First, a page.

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I think I'm approaching my message quota for the day, so this had probably 
better be it for now.

In a message dated 9/4/00 3:50:29 PM Pacific Daylight Time, 
Dinogeorge@aol.com writes:

> So what you're saying is that the boundaries recognized between taxa are 
>  result of gaps in the fossil record and/or fortuitous survival into the 
>  modern era rather than anything inherent in the organisms (such as 
>  morphology, genome, etc.).

I'm not sure what you're asking.  Of course, morphology, genome, etc., are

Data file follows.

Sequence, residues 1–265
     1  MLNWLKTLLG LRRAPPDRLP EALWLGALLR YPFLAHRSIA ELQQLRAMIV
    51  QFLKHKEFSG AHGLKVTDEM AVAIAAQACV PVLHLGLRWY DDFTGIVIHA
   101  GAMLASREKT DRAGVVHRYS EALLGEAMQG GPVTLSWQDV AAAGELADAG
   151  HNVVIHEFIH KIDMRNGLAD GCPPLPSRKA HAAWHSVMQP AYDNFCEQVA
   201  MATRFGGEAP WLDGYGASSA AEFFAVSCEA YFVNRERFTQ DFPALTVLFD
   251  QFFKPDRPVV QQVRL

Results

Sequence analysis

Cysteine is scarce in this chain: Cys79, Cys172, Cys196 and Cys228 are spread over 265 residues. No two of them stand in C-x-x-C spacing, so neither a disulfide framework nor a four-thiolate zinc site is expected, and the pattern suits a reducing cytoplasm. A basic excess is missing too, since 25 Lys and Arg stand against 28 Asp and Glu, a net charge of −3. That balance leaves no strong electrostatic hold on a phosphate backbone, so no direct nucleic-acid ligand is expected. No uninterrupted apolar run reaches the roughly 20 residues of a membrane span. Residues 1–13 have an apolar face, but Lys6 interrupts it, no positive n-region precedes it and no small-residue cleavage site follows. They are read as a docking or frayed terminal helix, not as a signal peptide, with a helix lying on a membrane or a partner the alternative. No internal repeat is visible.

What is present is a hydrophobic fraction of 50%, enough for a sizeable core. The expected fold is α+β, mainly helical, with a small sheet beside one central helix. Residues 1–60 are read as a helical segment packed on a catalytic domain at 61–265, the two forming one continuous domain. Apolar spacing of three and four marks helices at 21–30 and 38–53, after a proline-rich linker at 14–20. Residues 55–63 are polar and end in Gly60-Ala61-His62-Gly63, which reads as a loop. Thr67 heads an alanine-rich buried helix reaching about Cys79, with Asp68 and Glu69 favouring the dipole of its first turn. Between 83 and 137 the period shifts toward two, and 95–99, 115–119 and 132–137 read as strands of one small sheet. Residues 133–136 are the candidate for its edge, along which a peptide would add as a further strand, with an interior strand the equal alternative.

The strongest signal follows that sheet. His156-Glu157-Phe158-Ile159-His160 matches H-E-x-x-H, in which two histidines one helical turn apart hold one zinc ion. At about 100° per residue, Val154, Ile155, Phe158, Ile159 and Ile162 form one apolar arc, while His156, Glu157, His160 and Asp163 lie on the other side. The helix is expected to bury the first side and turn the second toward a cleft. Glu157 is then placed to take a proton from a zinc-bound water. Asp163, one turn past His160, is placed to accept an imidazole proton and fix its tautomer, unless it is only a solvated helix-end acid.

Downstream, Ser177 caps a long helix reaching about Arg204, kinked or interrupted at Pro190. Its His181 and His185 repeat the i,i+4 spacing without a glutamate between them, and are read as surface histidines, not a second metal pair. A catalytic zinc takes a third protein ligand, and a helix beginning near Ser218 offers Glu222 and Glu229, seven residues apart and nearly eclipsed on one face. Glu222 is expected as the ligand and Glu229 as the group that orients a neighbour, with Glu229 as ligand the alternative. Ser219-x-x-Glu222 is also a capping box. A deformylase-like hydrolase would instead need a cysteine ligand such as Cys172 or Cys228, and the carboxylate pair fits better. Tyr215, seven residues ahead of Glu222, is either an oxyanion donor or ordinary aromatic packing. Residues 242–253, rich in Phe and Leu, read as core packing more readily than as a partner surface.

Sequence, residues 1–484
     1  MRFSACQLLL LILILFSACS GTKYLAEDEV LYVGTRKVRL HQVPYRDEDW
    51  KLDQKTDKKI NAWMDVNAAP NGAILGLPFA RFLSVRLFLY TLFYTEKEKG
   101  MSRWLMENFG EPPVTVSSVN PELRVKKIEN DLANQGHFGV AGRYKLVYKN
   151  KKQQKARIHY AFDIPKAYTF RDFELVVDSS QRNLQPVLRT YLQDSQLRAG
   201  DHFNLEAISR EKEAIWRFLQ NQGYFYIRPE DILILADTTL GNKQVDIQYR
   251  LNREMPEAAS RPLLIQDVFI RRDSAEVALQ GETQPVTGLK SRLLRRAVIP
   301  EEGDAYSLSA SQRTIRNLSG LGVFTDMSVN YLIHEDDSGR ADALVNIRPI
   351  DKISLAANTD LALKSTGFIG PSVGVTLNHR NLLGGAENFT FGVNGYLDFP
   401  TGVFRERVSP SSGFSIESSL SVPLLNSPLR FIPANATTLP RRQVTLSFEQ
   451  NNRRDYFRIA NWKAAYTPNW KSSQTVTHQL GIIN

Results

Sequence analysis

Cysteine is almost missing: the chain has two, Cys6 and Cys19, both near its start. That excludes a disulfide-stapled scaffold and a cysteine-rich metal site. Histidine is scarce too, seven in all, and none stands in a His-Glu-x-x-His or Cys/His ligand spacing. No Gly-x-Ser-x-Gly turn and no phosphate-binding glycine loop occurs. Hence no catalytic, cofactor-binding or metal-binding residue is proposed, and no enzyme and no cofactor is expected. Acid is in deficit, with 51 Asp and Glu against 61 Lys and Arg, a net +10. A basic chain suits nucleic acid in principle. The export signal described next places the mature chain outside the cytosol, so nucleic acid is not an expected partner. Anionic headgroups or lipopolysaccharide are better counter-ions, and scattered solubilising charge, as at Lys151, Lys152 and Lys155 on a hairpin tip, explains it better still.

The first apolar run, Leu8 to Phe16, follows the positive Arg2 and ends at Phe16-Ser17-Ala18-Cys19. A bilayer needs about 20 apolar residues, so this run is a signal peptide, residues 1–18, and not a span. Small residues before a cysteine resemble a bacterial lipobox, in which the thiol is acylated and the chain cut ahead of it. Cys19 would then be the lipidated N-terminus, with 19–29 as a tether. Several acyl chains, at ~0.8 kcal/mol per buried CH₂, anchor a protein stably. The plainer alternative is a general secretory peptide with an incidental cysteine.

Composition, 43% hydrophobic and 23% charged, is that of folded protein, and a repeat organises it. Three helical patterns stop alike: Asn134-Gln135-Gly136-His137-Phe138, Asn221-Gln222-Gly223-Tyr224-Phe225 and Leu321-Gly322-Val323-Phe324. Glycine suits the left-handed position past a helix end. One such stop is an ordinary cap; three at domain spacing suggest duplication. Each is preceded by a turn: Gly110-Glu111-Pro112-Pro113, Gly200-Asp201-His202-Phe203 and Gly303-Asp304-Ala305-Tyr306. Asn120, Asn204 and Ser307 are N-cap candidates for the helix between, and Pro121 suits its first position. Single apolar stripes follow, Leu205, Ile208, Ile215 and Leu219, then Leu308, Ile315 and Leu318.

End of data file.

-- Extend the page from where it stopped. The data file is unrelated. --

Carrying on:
different in different taxa.  But if you were confronted with every 
individual organism that ever lived, morphology and genome would appear to be 
pretty much continuously variable, without any convenient breaking points 
between taxa.

So, yes, in that sense, it is the gaps in the fossil record and fortuitous 
survival (and probably, in a few cases, fortuitous sampling of living 
populations) that allow us to draw boundaries between taxa.

Am I being at all clear here?

Nick P.